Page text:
Michael Wade Page, the gunman who killed six Sikhs at a Wisconsin gurdwara in August, was drug-free when he went on the shooting spree and had a number of white supremacist tattoos on his body declaring support for Adolf Hitler, according to his just-released autopsy report.
While 40-year-old Page had small amounts of alcohol in his system, it was difficult to determine whether he had been drinking beforehand, said the toxicology report released by the Milwaukee County medical examiner's office.
"It is impossible to tell if the ethyl alcohol level is due to alcohol ingestion, or a product of decomposition," the Milwaukee-Wisconsin Journal Sentinel said, citing the autopsy report. The Federal Bureau of Investigation, which concluded its probe into the Wisconsin gurdwara massacre, said Page had acted alone and there was no evidence the attack was part of any ongoing threat to the Sikh community.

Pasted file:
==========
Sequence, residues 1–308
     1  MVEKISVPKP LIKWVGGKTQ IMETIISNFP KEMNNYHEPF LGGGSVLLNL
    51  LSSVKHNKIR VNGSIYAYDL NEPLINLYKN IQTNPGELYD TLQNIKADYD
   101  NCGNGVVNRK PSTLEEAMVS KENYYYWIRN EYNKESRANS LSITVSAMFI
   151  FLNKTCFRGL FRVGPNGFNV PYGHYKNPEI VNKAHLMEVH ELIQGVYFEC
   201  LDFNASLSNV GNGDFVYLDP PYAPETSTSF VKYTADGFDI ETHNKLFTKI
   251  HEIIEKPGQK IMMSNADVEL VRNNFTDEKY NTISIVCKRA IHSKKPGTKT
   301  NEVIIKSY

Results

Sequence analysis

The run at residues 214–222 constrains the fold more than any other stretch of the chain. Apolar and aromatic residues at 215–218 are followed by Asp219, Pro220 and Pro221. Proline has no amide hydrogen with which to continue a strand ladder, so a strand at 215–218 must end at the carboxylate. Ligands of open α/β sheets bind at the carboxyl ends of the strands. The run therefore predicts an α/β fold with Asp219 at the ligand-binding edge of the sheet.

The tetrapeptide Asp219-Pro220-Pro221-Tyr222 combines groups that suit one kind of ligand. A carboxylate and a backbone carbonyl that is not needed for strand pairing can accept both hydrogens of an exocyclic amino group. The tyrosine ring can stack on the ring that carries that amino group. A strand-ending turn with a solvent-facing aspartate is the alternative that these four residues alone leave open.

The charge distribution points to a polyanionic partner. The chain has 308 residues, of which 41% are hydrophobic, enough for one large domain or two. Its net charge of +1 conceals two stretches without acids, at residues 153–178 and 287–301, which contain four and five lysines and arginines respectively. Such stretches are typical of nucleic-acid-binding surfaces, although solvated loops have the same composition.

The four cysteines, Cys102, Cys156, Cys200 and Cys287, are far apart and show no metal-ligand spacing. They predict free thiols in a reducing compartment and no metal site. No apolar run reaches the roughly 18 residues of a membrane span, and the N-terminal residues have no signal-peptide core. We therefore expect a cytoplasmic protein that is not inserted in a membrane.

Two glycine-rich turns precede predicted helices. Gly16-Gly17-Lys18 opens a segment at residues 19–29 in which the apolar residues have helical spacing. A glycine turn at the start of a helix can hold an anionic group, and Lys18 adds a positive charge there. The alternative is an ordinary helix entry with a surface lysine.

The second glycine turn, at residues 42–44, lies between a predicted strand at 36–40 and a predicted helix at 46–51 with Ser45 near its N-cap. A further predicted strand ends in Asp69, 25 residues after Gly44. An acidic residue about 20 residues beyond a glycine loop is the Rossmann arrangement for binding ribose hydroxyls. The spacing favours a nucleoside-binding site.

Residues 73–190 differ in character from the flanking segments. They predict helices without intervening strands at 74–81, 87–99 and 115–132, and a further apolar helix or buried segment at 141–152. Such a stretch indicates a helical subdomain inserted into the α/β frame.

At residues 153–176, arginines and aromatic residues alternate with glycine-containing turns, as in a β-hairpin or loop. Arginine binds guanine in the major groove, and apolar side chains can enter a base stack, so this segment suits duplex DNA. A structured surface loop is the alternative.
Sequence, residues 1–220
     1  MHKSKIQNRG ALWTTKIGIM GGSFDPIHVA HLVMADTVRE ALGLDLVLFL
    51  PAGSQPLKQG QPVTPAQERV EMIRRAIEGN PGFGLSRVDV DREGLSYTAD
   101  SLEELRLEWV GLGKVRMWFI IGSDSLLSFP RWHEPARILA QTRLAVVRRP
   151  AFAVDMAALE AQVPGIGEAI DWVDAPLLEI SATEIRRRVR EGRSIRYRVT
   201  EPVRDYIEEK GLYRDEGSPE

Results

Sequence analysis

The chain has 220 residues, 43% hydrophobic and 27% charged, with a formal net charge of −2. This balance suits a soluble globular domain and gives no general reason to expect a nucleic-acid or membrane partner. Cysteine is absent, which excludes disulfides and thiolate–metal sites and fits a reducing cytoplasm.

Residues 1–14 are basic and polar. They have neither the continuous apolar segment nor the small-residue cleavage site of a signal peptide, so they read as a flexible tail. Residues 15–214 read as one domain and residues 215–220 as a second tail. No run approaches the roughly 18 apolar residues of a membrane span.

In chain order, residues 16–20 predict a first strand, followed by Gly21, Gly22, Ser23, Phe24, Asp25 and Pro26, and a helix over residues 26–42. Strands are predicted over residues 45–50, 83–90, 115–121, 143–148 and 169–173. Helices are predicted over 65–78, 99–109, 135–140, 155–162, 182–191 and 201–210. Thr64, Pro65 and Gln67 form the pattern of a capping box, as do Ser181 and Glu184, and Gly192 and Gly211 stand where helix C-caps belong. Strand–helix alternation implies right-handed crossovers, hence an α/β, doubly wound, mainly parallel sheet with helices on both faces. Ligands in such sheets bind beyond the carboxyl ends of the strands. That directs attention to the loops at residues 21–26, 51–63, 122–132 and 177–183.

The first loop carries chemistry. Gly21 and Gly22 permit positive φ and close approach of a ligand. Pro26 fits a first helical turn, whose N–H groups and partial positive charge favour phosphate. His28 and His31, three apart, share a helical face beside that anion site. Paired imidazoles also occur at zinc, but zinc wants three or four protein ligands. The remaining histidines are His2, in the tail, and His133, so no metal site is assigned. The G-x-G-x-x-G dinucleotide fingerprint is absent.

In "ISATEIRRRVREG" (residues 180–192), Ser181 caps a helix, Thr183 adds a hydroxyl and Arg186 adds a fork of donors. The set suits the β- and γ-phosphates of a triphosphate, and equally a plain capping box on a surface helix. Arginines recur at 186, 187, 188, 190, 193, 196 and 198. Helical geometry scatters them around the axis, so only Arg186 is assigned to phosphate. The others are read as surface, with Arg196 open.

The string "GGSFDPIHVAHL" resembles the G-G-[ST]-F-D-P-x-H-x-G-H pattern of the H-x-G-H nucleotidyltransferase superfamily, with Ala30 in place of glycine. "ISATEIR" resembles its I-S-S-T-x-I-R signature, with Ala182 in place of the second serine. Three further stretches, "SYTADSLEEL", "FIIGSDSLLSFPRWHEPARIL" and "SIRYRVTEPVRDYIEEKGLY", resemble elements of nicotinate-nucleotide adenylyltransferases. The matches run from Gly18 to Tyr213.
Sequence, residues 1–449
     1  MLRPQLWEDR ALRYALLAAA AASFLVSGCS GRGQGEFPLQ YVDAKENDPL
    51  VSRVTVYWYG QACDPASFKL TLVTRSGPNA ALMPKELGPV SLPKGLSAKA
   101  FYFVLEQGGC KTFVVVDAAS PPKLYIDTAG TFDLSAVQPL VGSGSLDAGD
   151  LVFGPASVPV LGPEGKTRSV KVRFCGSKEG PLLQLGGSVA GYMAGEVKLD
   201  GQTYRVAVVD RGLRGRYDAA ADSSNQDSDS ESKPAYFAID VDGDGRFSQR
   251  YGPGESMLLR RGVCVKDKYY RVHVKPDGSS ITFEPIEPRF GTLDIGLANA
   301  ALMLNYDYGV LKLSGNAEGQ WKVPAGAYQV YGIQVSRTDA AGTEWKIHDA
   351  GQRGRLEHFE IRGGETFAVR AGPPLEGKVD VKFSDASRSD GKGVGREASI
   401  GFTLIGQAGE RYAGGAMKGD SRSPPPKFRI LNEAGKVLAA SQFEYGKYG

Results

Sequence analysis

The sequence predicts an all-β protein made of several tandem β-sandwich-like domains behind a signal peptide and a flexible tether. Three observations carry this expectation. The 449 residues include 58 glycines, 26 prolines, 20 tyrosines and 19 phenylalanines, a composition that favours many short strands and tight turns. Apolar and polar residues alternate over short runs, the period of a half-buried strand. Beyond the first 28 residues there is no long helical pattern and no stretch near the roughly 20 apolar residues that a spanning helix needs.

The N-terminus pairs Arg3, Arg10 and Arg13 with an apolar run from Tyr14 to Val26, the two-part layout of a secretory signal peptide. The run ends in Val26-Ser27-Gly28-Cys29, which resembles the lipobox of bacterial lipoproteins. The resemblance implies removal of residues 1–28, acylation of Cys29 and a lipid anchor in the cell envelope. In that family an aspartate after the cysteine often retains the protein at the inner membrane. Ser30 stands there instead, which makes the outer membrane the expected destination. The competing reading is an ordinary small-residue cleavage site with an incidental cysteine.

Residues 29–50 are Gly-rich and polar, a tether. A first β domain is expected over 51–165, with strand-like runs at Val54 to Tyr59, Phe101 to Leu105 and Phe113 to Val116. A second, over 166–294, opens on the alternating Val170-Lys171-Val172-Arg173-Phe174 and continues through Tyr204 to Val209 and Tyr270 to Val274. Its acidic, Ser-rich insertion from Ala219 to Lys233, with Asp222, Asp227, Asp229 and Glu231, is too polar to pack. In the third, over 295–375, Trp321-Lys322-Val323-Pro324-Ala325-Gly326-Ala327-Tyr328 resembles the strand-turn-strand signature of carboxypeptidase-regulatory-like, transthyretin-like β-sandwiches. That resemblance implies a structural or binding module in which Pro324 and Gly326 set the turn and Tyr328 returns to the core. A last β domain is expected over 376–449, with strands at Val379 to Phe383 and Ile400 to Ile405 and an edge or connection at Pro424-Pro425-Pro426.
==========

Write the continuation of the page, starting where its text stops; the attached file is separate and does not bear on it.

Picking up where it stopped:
Page had opened indiscriminate fire at the gurdwara just as the members of the Sikh community were preparing for Sunday prayers. He had also fired at two police officers before turning the gun on himself.
The shooting, in which three persons were critically injured, had sent shock waves across the Indian community. The autopsy report said Page had a number of white supremacist tattoos on both arms and lower legs. A full list of tattoos was released by the Milwaukee county medical examiner's office.
Page had the number 88, which is a symbol of support for Adolf Hitler, inked on his shoulder.
On his right arm, he had the number 38 over a gear -- traditionally supporting the white supremacist group, Hammerskin Nation, while on his left shoulder, he had the number 14, which is often referred to the preachings of a white supremacist leader.
He had a tattoo of a Celtic cross was on his back, a symbol often used by neo-Nazi groups. On his right lower leg, he had a gear containing the number '820' with flames and figures. Across his upper chest, there was a tattoo of the word 'Pride'.